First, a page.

I would have loved to have met the man you described. I too have no family.  A brother like Wolfe would have been a welcome family member.  Sounds like he had a brother in you.  If Wolfe is the man you describe, he also probably would’ve felt the same way if you had died.  He would have traded places.  Don’t let that guilt overtake your life.  Feel blessed for another day and make Wolfe proud.

Good luck on your quest to find his sister.



I lick the nasty-tasting seal on the envelope and stick a stamp on it.  I run down the stairs to stuff it in the mailbox at the end of the driveway.  I flip the red flag up on the side of the box.  When I return to my quiet office, I toy with the letter in my hand.  I contemplate calling him so that he doesn’t send me the package, but I talk myself out of it.  There is really no need for me to get drawn into a conversation about his friend. Something stops me from tossing it out again. I label a file and place it inside and put it in my desk drawer.

Pressing my fingers to my temples, I blink a few times, trying to keep my headache at bay.  Why do I feel such a sadness coming over me?  I haven’t let my emotions get the better of me in years. I don’t think I’ve even cried since the day I woke up from my accident.  I’ve always assumed my lack of emotion was due to my head trauma. 

The letter keeps nagging at me, so I decide to Google Wolfe Rowan to see what I can find.  His name and face pop up on my first search.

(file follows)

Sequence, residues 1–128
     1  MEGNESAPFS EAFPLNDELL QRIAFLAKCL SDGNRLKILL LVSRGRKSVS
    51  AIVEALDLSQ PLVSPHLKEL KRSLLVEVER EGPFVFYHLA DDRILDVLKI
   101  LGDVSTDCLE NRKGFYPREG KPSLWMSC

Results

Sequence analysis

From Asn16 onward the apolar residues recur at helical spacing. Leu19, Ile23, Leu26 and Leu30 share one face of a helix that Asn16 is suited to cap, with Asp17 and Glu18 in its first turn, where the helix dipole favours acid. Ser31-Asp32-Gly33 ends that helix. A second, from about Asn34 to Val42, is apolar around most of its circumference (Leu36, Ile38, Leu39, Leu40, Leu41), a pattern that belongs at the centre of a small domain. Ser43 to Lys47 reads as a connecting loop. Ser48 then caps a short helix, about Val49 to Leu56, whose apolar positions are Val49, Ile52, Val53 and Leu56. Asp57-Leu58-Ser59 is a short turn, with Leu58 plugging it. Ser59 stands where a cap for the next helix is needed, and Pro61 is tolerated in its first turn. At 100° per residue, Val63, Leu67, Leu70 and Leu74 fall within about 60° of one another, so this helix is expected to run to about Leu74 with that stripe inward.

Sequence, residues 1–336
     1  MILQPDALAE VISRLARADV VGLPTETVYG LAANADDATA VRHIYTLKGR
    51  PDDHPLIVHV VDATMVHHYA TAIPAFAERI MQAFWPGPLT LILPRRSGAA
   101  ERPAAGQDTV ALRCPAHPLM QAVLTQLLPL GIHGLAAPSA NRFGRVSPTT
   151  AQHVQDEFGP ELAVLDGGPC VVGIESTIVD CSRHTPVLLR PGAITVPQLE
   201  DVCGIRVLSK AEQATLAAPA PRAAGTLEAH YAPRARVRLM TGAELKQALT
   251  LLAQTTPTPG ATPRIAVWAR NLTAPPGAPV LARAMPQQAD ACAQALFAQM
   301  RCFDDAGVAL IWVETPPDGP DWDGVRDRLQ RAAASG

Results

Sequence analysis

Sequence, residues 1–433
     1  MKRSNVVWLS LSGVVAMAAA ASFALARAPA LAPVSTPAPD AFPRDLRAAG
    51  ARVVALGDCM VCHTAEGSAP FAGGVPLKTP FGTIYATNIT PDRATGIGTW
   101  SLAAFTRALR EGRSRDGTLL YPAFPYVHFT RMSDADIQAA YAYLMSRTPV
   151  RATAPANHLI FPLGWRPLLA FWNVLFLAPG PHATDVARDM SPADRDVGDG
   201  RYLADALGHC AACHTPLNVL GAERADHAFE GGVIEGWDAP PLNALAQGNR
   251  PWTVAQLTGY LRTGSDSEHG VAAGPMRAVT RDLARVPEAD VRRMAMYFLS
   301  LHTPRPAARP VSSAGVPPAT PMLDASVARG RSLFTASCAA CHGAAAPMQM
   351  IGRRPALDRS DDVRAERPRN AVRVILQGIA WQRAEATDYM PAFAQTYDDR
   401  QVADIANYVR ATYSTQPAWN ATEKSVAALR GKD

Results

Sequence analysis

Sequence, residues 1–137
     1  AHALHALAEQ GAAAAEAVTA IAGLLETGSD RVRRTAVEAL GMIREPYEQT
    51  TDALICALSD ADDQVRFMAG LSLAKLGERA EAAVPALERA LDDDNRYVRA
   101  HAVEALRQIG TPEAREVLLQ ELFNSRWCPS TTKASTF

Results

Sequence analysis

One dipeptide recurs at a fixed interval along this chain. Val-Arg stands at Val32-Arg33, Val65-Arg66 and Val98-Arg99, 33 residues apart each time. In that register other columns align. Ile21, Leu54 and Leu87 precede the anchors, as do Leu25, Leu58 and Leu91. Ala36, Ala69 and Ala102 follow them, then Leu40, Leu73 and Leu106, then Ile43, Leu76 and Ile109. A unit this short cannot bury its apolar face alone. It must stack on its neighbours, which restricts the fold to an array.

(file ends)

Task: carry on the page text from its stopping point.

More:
Captain Wolfe Rowan, Purple Heart recipient killed in a hijacking in Iraq.  It’s hard to tell his size, but he towers over the man standing next to him.  His blond hair can barely be seen under his army hat, but his piercing blue eyes stand out. I’m betting they were mesmerizing to look at in person.

I think about him being my twin, and I laugh.  I’m not sure of my background, but I know I’m part Indian.  My high cheekbones, olive skin, black silky hair, and dark cinnamon-colored eyes are a dead giveaway.

As far as I know, I have no family to ask.  My accident left me without a lot of memories.  Memories I used to spend hours chasing but could never find or even touch.  Pure blackness is all I see when I try to look back.  It’s like walking into a dark room. You know where things are, but you can’t make them out no matter how hard you try.

Are you hooked yet??? Find out more.F

Follow Me